At any one moment, the camera images a 1.6 by 0.2 degrees rectangle of the sky with a pair of 512-pixel nanosecond-speed photodetectors. It has a minimum viewing time of about 1 minute per target -- that is how long the system has to detect a signal from any given point in the sky, at least the first time through on the survey. One minute may not seem very long, but remember that the system is taking data every nanosecond, so each minute gathers a lot of data for every point on the sky. The system does rely on ET to be putting out a signal at least once every minute, or it requires getting lucky, but that is the trade-off for covering the entire sky.
The Observatory and Telescope
Part of the brilliance of this search strategy is that the telescope's mechanical systems can be simplified. The telescope needs to move in only one axis: altitude. That also means a dome isn't necessary -- a clear opening up and down in one direction in the sky is sufficient. This simplification created significant cost savings in the construction of the new optical SETI observatory compared with a normal observatory. This is why the observatory could be a "regular" building, with an unusual sliding roof.
The telescope is also unusual in its look. The builders were able to use an easier-to-construct boxlike structure, giving the frame a square cross section -- unusual looking, but just as effective for this purpose as a traditional-looking telescope.
The telescope has a 72-inch primary mirror, eclipsing its 61-inch neighbor 100 yards away and earning the title of biggest primary mirror in the East. Unusual for a telescope, the 72-inch mirror is spherical rather than parabolic, because spherical mirrors are easier and cheaper to produce. One of the advantages of a dedicated optical SETI telescope is that one can "simplify" in various areas compared with a typical astronomical observatory. The optics, too, can be simplified because we don't need to produce the highest-resolution images possible. Fundamentally, we are counting photons. We need to know where those photons came from, but we don't need to produce pretty pictures or know where they came from to an arcsecond resolution. For these reasons, Horowitz says the "telescope" is more properly called a light bucket -- but, The Planetary Society Optical SETI Light Bucket just didn't have a very nice ring to it.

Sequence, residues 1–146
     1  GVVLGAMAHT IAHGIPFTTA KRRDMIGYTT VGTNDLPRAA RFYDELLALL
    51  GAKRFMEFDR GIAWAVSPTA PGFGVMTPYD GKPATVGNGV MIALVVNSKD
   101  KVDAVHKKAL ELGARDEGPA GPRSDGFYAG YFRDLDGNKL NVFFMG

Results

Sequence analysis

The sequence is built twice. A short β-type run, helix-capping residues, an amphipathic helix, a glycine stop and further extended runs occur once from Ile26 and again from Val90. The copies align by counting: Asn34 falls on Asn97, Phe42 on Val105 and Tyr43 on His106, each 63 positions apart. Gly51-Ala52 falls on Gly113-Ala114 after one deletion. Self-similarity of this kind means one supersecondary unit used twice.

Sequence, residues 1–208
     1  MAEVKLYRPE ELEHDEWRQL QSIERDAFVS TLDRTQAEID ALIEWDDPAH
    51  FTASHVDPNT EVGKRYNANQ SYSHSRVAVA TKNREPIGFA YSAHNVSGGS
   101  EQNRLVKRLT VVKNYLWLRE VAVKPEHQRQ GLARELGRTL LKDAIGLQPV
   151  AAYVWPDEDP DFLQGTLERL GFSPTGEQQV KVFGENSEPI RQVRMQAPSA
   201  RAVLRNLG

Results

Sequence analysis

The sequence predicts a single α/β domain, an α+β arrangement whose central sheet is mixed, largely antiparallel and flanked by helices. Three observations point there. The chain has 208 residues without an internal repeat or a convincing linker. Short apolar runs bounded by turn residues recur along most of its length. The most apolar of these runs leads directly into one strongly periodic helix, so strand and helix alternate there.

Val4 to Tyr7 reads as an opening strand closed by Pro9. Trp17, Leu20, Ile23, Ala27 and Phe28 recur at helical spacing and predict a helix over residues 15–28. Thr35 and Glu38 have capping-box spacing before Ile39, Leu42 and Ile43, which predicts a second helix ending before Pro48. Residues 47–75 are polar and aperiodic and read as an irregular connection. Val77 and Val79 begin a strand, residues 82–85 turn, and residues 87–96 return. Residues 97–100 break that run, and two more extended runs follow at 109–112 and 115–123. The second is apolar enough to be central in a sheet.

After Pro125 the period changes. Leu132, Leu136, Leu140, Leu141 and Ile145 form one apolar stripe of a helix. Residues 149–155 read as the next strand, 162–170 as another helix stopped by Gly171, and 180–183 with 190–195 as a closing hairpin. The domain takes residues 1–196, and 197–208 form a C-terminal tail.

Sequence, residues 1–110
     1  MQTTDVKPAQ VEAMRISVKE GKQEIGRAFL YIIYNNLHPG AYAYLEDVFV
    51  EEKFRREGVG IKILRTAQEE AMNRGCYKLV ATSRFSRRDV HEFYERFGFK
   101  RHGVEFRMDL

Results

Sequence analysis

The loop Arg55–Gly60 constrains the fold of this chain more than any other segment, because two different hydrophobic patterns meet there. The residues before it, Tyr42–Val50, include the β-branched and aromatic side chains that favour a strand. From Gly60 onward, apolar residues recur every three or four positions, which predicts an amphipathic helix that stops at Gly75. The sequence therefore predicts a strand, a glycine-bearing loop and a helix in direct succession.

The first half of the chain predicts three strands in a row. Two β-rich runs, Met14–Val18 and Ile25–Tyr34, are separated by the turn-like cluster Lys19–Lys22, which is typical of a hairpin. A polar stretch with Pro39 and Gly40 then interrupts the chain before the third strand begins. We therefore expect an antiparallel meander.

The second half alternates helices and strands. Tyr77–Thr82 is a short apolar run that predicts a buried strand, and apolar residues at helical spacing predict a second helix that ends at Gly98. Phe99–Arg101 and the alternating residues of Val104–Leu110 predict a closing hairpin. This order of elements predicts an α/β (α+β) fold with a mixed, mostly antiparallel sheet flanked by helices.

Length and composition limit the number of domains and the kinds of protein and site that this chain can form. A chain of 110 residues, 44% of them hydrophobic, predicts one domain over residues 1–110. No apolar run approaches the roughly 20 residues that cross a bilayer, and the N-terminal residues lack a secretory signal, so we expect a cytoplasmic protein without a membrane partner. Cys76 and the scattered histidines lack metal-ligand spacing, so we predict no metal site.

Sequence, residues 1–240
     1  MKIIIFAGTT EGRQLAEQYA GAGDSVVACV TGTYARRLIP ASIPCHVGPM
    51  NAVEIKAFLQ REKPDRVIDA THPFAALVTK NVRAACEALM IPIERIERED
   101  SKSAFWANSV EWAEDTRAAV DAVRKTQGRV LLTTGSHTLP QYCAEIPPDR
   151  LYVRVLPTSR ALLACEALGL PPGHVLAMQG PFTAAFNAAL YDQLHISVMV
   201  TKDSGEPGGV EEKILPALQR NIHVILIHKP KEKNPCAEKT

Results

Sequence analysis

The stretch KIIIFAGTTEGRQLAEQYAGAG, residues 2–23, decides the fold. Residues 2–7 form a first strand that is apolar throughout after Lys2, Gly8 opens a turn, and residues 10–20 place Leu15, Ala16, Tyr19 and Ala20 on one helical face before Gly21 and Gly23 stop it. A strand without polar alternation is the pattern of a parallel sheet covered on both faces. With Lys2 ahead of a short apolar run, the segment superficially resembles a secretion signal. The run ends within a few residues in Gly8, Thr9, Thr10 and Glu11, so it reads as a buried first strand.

The Camera and Electronics
One important thing in science -- as with much of life -- is knowing where you can simplify without harming the result and where you can't. Where this system can't skimp is the camera and the electronics. This telescope needs to be able to image an area of the sky every nanosecond. To do so, it utilizes a pair of 512 photodetectors (each pair observes the same location in order to get rid of spurious results that may occur in just one detector). The system has to use photomultiplier tubes, an older technology, rather than charge-coupled devices (CCDs) because CCDs just can't begin to count photons at nanosecond intervals -- they are a million times too slow.
The signals are then fed into 32 identical processors. Horowitz's graduate student Andrew Howard designed these amazing chips specifically for this task. Each contains more than 250,000 transistors. Together, these processors process 3.5 terabits (3.5 trillion bits) of data per second! That is the equivalent of the information in all the books in print . . . every second.
The processors highlight and keep track of any possible event -- a large increase in photons occurring in at least one of the detectors. For precise and accurate timing, the system uses the Global Positioning System (the extra mast near the weather station on the building).
In the modern era, I believe no piece of electronics is truly complete without a remote control. The telescope and even its building are no exception. The entire system can be operated remotely over the Internet, whether the operator is in Cambridge, Massachusetts (as Horowitz's group is likely to be) or in Madagascar (less likely to find them there). Information about the observatory comes from the weather station mentioned earlier, a suite of webcams, a number of status sensors on the electronics (such as temperature and humidity), and the control systems that open the roof, move the telescope, and handle all the other operations. After the system is thoroughly checked out, it will move to fully automated control, and humans won't need to intervene. The system will decide when to observe and then do it. It will then pass all the possible ET events on to the humans. Ah, a remote control that knows what you want without you having to touch it.
The first steps are to work all the kinks out of the system, fully understand its data, and move to fully automatic control over the next few weeks to months. Assuming that goes swimmingly, and ET isn't discovered immediately, where do we go from here? The answer probably is a second identical observatory a few miles away. With the current setup, every trigger -- that is, every time you get a spike in the signal that might indicate ET -- needs to be thoroughly checked out, then reobserved to make sure it was not due to a cosmic ray exciting the electronics or some other non-ET source. With targeted SETI, Horowitz's group collaborated with Princeton University and did some simultaneous observations of the same objects. Requiring that both observatories see a signal at the same time creates much more confidence that with even one observation, you may be seeing ET. It will greatly speed the weeding out of all the false events.
For now, we are ecstatic that the great effort to produce The Planetary Society Optical SETI telescope is complete and that the new search has begun. The opening of this telescope represents one of those rare moments in a field of scientific endeavor when a great leap forward is enabled. We also keep our eyes looking to the future, when we may find out the answer to the question, are we alone?